Untargeted metabolomics analysis of Rheumatoid arthritis patient sera before and after rituximab treatment

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Sweeney, Shannon Renee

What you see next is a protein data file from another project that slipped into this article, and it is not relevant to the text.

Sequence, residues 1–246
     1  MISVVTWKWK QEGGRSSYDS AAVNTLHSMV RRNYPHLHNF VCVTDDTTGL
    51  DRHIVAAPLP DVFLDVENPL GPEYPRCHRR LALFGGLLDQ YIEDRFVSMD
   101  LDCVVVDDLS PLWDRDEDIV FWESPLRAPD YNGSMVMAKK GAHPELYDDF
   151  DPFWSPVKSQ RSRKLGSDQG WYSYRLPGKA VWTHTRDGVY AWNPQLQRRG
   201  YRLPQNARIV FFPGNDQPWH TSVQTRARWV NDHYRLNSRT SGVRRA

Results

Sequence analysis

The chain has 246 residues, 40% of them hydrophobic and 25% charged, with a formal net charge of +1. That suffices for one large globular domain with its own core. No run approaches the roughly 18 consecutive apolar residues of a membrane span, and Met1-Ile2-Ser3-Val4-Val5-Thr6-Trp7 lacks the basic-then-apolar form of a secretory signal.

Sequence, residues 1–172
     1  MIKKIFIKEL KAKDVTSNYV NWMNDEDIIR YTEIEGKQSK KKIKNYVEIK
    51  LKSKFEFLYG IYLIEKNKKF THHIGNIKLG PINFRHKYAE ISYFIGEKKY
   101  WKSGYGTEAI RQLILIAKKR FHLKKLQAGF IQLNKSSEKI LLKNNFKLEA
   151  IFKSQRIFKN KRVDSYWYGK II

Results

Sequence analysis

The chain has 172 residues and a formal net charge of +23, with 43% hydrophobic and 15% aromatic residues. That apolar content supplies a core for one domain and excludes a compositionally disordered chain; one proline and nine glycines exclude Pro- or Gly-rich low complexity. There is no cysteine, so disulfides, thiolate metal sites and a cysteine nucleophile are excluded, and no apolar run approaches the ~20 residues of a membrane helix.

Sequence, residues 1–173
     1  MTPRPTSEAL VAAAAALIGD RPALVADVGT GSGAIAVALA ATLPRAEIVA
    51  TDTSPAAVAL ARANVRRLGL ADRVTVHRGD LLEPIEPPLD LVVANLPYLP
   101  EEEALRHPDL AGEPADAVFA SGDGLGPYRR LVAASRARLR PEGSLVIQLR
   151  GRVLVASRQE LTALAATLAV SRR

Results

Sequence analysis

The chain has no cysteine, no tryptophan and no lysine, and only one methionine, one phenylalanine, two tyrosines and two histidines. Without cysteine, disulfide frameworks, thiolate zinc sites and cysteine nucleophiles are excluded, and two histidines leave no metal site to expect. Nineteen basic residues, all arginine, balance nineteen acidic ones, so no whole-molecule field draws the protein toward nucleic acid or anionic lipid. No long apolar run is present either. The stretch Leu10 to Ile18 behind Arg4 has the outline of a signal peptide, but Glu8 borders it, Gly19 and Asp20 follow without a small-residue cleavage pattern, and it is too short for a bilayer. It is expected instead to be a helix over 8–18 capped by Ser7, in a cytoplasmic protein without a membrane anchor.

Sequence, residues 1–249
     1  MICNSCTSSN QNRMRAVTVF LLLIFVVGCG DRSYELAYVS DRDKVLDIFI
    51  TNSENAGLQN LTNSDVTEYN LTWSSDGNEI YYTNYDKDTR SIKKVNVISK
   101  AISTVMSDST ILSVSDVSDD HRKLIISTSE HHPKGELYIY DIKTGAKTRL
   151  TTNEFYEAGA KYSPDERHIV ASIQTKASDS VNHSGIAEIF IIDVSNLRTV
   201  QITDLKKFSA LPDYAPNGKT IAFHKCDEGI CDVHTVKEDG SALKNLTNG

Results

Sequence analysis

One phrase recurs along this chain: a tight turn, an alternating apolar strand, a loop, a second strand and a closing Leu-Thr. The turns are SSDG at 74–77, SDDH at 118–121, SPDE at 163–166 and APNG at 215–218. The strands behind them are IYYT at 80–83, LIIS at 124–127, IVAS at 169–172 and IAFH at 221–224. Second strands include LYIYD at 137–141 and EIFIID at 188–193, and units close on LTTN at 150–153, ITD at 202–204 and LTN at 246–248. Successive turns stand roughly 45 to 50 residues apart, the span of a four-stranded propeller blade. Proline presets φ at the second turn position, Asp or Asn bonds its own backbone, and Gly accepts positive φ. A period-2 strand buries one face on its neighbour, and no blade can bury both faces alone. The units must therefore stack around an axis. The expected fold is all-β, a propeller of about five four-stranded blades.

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Background: Rheumatoid arthritis (RA) is an autoimmune disease with no known cure that affects approximately 1.3 million Americans. RA patients suffer from chronic pain and inflammation and are faced with probable disability, reduced life expectancy, and increased risk of several other diseases. In the last decade, biological therapies have revolutionized RA treatment. Although administration of a tumor necrosis factor (TNF) neutralizing agent is the first-line biological therapy, many RA patients show only partial or no clinical response to treatment. Subsequently, anti-B cell, anti-T cell, or anti-IL6 therapies can be evaluated. Streamlining of treatment protocols is necessary to improve patient outcomes. Methods: Serum was collected from 23 active, seropositive RA patients on concomitant methotrexate, at baseline and six months after treatment with rituximab. Based on the American College of Rheumatology improvement criteria, at a level of 20% (ACR20), patients were categorized as either responders or non-responders. An untargeted metabolomics approach was used to characterize the serum metabolome of patients. High resolution one-dimensional ¹H-NMR spectra were acquired using a Bruker Avance 700 MHz spectrometer. In addition, A Thermo Scientific Q Exactive Hybrid Quadrupole-Orbitrap mass spectrometer was used for UPLC-MS/MS of serum lipids. Data processing, statistical analysis, and pathway mapping were performed in MATLAB in conjunction with several metabolomics software packages including, NMRLab, MetaboLab, Chenomx, MetaboAnalyst, MetaboSearch, VANTED, Xcalibur, and Sieve. Results: Based on the ACR20 criteria, at baseline, 14 patients were characterized as responders and 9 patients were considered non-responders. Similarly, 20 patients followed-up at six months, 13 responders and 7 non-responders. Seven polar metabolites and 15 unique lipid species achieved a p-value of less than 0.05 for a two sample t-test prior to treatment with rituximab. Following rituximab therapy, five polar metabolites and 37 lipid species were statistically significant between groups. Pathway analysis of both polar and apolar metabolites revealed metabolic differences between responder and non-responders before and after treatment with rituximab. Conclusion: A clear relationship between blood metabolic profiles and clinical response to rituximab therapy suggests that ¹H-NMR and UPLC-MS/MS are promising tools for RA therapy optimization and acceleration of treatment protocols to improve patient outcomes.



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